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Memories Can Be Selectively Erased in Mouse Model

Findings could point to targets that could be pharmaceutically affected in the human brain

FRIDAY, Oct. 24 (HealthDay News) -- Specific memories, both old and new, may be selectively erased through the manipulation of the activity of a transgenic enzyme, according to research published in the Oct. 23 issue of Neuron.

Xiaohua Cao, of the East China Normal University in Shanghai, China, and colleagues discuss their work using a version of αCaMKII that can be selectively inhibited with a genetically sensitized small-molecule inhibitor called NM-PP1. The researchers focused on novel object recognition memory, contextual fear memory and cued fear memory. The results of memory tests in wild-type and transgenic mice showed that excessive CaMKII activity at the point of recall impaired the retrieval of newly formed memories.

The retrieval of not only new, but also old, memories appeared to be disrupted by the transient expression of the αCaMKII-F89G activity, the researchers report. Further experimentation with transgenic and control mice, using recall tests and injections of NM-PP1, suggests that retrieval problems in the transgenic mice are due to recall-induced erasure of the memories being retrieved, rather than difficulty accessing memories.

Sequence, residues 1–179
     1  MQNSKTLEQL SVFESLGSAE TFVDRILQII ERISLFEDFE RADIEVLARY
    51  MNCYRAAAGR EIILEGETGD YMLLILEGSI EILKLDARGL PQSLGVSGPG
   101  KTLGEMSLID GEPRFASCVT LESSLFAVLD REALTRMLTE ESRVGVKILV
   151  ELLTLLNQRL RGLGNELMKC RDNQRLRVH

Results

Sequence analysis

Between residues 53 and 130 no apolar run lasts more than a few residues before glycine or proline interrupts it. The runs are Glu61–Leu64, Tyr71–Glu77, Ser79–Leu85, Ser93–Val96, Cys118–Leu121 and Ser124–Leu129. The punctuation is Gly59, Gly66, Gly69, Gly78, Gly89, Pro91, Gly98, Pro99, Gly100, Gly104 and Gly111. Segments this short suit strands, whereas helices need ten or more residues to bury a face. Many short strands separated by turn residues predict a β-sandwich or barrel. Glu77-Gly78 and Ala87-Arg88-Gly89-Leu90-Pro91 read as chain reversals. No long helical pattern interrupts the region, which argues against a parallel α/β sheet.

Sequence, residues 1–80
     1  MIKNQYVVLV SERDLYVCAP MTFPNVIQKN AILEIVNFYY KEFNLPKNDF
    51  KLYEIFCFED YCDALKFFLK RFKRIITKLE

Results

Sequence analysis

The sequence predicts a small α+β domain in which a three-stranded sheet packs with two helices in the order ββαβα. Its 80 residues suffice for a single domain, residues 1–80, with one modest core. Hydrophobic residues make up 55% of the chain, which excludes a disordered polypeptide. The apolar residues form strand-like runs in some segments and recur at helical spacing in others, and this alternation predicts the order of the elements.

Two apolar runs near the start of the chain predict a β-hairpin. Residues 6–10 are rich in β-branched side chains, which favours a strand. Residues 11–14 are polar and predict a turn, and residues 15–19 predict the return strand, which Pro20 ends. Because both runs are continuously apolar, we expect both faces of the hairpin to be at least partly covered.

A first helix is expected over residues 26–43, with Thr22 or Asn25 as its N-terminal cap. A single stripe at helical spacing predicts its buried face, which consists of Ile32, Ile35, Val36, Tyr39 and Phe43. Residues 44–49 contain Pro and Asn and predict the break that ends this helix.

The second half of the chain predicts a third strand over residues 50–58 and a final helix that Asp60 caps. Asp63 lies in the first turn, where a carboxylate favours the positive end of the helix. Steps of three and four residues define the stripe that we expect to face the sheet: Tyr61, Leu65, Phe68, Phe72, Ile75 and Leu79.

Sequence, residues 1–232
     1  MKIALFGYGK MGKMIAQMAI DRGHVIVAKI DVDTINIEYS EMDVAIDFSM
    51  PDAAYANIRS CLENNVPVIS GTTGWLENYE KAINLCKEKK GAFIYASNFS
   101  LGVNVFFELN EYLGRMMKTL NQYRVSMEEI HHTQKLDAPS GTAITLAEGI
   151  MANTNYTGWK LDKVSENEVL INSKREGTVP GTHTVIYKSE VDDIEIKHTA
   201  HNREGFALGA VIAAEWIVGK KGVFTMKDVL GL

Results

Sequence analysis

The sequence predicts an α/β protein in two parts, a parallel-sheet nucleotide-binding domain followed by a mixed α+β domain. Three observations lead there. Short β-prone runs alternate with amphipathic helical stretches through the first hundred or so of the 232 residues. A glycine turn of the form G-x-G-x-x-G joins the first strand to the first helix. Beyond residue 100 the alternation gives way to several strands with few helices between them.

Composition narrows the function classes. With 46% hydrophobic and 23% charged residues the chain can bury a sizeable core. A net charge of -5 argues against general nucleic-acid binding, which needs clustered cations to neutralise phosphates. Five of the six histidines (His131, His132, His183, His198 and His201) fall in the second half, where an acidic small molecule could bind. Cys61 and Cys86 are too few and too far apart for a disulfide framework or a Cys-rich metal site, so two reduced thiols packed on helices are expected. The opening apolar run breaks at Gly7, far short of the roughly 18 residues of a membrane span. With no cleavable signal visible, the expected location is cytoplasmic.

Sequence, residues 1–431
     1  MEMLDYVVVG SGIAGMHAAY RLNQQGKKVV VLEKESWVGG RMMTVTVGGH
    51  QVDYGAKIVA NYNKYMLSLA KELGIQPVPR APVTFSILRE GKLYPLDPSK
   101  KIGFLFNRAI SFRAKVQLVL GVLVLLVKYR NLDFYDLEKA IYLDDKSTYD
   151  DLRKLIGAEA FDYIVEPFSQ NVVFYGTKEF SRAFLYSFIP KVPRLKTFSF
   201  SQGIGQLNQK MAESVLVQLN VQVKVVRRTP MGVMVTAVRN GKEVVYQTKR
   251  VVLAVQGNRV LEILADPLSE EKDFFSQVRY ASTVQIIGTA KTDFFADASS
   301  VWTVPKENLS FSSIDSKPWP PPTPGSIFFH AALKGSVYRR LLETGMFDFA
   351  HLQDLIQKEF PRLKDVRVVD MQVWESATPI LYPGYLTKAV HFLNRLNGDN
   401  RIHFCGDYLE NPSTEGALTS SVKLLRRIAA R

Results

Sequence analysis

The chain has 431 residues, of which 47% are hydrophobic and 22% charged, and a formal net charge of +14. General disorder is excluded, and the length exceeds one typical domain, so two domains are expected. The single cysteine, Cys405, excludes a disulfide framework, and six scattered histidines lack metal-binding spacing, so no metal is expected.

Although "we do not think that our chemical genetic approach in its current form can be applied directly as a clinical strategy since it would require the development of some sorts of αCaMKII-specific activators," for patients such as returning war veterans with reoccurring traumatic memories, "it might be useful to further identify the downstream drugable targets through which overexpressed αCaMKII produces such an effect," the authors write.

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